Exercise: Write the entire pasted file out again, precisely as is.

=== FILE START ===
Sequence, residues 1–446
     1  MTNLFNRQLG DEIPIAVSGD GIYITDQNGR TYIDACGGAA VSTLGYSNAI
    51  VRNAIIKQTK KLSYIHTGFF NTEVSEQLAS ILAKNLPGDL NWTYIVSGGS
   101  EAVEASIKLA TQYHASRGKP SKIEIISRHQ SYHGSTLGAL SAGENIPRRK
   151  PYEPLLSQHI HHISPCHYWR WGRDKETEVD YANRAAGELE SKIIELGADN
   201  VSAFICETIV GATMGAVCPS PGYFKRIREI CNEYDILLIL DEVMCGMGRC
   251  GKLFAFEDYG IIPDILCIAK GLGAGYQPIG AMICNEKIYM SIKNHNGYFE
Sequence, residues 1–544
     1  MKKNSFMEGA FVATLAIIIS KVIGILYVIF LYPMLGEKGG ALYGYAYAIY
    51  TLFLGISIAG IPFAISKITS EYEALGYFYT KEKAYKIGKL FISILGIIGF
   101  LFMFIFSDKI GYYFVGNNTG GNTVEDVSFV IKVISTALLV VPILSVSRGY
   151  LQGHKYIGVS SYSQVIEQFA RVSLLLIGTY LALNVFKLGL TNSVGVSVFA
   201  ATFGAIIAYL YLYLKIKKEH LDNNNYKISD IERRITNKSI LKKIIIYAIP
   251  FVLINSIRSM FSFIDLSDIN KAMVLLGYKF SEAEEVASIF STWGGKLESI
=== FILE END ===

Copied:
Sequence, residues 1–446
     1  MTNLFNRQLG DEIPIAVSGD GIYITDQNGR TYIDACGGAA VSTLGYSNAI
    51  VRNAIIKQTK KLSYIHTGFF NTEVSEQLAS ILAKNLPGDL NWTYIVSGGS
   101  EAVEASIKLA TQYHASRGKP SKIEIISRHQ SYHGSTLGAL SAGENIPRRK
   151  PYEPLLSQHI HHISPCHYWR WGRDKETEVD YANRAAGELE SKIIELGADN
   201  VSAFICETIV GATMGAVCPS PGYFKRIREI CNEYDILLIL DEVMCGMGRC
   251  GKLFAFEDYG IIPDILCIAK GLGAGYQPIG AMICNEKIYM SIKNHNGYFE
Sequence, residues 1–544
     1  MKKNSFMEGA FVATLAIIIS KVIGILYVIF LYPMLGEKGG ALYGYAYAIY
    51  TLFLGISIAG IPFAISKITS EYEALGYFYT KEKAYKIGKL FISILGIIGF
   101  LFMFIFSDKI GYYFVGNNTG GNTVEDVSFV IKVISTALLV VPILSVSRGY
   151  LQGHKYIGVS SYSQVIEQFA RVSLLLIGTY LALNVFKLGL TNSVGVSVFA
   201  ATFGAIIAYL YLYLKIKKEH LDNNNYKISD IERRITNKSI LKKIIIYAIP
   251  FVLINSIRSM FSFIDLSDIN KAMVLLGYKF SEAEEVASIF STWGGKLESI